No More Git master

A few years ago, I am uncertain how many, but less than 10, I started to notice people being quite upset with some of the names in technology.

I started programming with a lot of ideas about how to better use language to make computer programs more descriptive, so I had a lot of sympathy already, but there were differences in rationale. The main difference was that the other people who are asking for such change, are doing so to reduce harm.

In recent weeks with the high-profile deaths and injuries of people based on racial inequality, the pace of change has increased.

One of the changes is to get away from terminology, such as master, slave. It never had any merit, and words such as primary, replica, and "mainline", "production", "current" are better replacements without the negative historical context.

Change can be hard

Yesterday, I made my own script using Git to try to create a renamed primary branch. Yesterday in IndieWeb chat it was pointed out that just renaming might not be enough. CI / CD pipeline, helper scripts and even code itself may have knowledge of a master branch. Although problematic, this is not about solving those issues. Most are some form of constant replacement.

It did not take long, but hit problems rather quickly, even when solving a fraction of a problem.

Basically, the primary branch is protected by GitHub, preventing removal or promotion using just Git. Atop that branches may or may-not exist. I have not encountered that outside of GitHub, but it could be fair to assume GitLab, Bitbucket and similar systems will have similar behaviour.

Humans make change hard

I will skip over the human side of change being hard, but I see a few broad groups.

  • People without the knowledge of the issue.
  • People without the knowledge of fixing the issue.
  • People who are ignorant or petulant.
  • People who will deliberately continue, despite understanding their choice of words can cause harm.

I hope that by being a part of solving this problem, I can help people to be a little less awful.

Other peoples code

Upon sharing my code in IndieWeb chat, mentioning some of the issues I had encountered Jacky Alcine linked me to an alternative Gist using the GitHub API, rather than the Git standard tooling I had chosen.

It took me a while to get used to approach, and the original script not working for me immediately did not help that. But there was an existing issue which hinted at a solution.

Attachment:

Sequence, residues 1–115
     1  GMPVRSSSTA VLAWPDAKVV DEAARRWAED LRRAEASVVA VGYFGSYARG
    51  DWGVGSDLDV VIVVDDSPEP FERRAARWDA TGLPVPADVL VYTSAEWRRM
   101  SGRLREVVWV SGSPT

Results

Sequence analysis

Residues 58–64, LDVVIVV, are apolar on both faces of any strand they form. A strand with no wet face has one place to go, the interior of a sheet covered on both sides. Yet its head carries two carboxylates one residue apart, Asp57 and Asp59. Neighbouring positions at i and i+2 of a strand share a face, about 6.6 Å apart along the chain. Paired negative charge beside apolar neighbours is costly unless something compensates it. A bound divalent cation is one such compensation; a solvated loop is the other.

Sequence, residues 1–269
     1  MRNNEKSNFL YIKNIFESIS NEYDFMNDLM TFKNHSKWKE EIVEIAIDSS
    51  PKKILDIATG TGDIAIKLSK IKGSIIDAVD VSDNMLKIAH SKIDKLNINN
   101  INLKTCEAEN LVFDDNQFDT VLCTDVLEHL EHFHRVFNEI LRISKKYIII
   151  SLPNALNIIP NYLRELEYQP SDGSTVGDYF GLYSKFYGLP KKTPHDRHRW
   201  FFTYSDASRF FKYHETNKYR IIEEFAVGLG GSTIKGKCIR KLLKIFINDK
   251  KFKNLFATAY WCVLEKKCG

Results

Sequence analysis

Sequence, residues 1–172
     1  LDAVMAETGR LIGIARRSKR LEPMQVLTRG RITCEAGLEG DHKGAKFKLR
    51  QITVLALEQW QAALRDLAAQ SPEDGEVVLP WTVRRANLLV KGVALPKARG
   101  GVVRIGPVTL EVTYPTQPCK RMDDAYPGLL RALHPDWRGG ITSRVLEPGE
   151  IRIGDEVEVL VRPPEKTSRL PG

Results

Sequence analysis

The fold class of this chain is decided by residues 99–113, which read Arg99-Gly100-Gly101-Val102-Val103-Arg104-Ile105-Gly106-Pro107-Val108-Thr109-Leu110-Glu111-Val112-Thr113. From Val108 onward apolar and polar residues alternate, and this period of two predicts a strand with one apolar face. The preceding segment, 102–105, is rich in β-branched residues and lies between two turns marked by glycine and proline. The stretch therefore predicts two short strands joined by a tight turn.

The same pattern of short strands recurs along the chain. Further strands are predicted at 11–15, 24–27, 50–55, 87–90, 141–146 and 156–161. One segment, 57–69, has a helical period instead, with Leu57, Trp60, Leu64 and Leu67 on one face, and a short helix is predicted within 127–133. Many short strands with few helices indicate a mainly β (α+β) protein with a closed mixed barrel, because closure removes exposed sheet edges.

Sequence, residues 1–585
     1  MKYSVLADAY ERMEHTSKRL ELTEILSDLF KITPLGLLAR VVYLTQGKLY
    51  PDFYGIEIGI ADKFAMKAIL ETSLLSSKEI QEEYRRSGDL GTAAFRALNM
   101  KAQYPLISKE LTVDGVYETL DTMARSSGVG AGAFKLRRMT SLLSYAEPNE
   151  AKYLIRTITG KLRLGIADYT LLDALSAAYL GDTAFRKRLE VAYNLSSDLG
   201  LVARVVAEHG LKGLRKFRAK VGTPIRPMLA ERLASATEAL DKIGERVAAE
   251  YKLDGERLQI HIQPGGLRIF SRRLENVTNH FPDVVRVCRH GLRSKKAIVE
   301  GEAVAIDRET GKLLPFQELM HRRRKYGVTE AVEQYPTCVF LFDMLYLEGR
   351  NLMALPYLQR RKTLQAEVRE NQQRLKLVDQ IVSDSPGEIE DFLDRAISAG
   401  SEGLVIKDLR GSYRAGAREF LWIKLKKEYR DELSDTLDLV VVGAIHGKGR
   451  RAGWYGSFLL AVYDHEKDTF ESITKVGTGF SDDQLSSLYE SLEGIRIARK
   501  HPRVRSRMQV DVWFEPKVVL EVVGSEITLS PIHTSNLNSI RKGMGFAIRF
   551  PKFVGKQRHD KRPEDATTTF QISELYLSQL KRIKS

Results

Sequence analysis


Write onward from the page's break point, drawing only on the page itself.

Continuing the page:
So, I just started hacking

I totally did not just start hacking. When faced with undesirable behaviour, you should not either. An issue mentioned that a list of repository branches would be returned from GitHub.

I have interacted enough with the GitHub API, to know it paginates results. I was aware that without parsing a potentially large number of pages, it would be unlikely that the primary branch could be solved by using the list.

The script was already issuing a PATCH HTTP request though, so I guessed there might be a GET HTTP handler for the same route. I could borrow conventions of the script to retrieve the name of the default branch instead of setting it.

I also knew that username and Organization values could be used in the API to get information about those things, as well as list repositories. I Reasoned that branches might also be referable by name. I got lucky and did not need to read API docs. I tried all these out in an Ubuntu VM outside of altering the repo shell script. This allowed me a little more control and meant I did not need to worry about putting down this work and picking it up later.

This is why I called this hacking.

Some better practices

  • Read the documentation for the API you are going to interact with.
  • Work out a plan of action and write repeatable tests for experiments.
  • Setup a CI / CD pipeline before making changes so that you always push forward.

Cleaning up

After hacking away for a while, I got my PR merged and moved onto other improvements like avoiding typing or referencing my GitHub Token.

At first, I had wanted to preserve argument order. The repo owner did not want to do that, so I made changes they requested as well as addressing a bug I had introduced when allowing usage without a typed or interpolated token.

I also modified some Python so that I could find all repositories with a master branch for an Organization or user. This helped me to generate a list of commands to run later.

User repositories

curl \
	--silent \
	--header "Authorization: token $GITHUB_TOKEN" \
	--header "Content-Type: application/json" \
	"" |
		python -c 'import sys, json; repos = json.load(sys.stdin); master_repos = [ repo["full_name"] for repo in repos if repo["default_branch"] == "master"]; print("\n".join(master_repos))'

Organization repositories

curl \
	--silent \
	--header "Authorization: token $GITHUB_TOKEN" \
	--header "Content-Type: application/json" \
	"" |
		python -c 'import sys, json; repos = json.load(sys.stdin); master_repos = [ repo["full_name"] for repo in repos if repo["default_branch"] == "master"]; print("\n".join(master_repos))'


If you run the above with your own organisation or user. Please make sure you do not forget to replace my name and organisation with your own. You should also consider using the page query string parameter if you have more than 30 repositories. It looks like this.


I Hope if anyone reads this, they do choose to work on updating their personal, hopefully business repositories. It is a small change, but one that could be important in putting a painful past behind us to move forward together.

By Lewis Cowles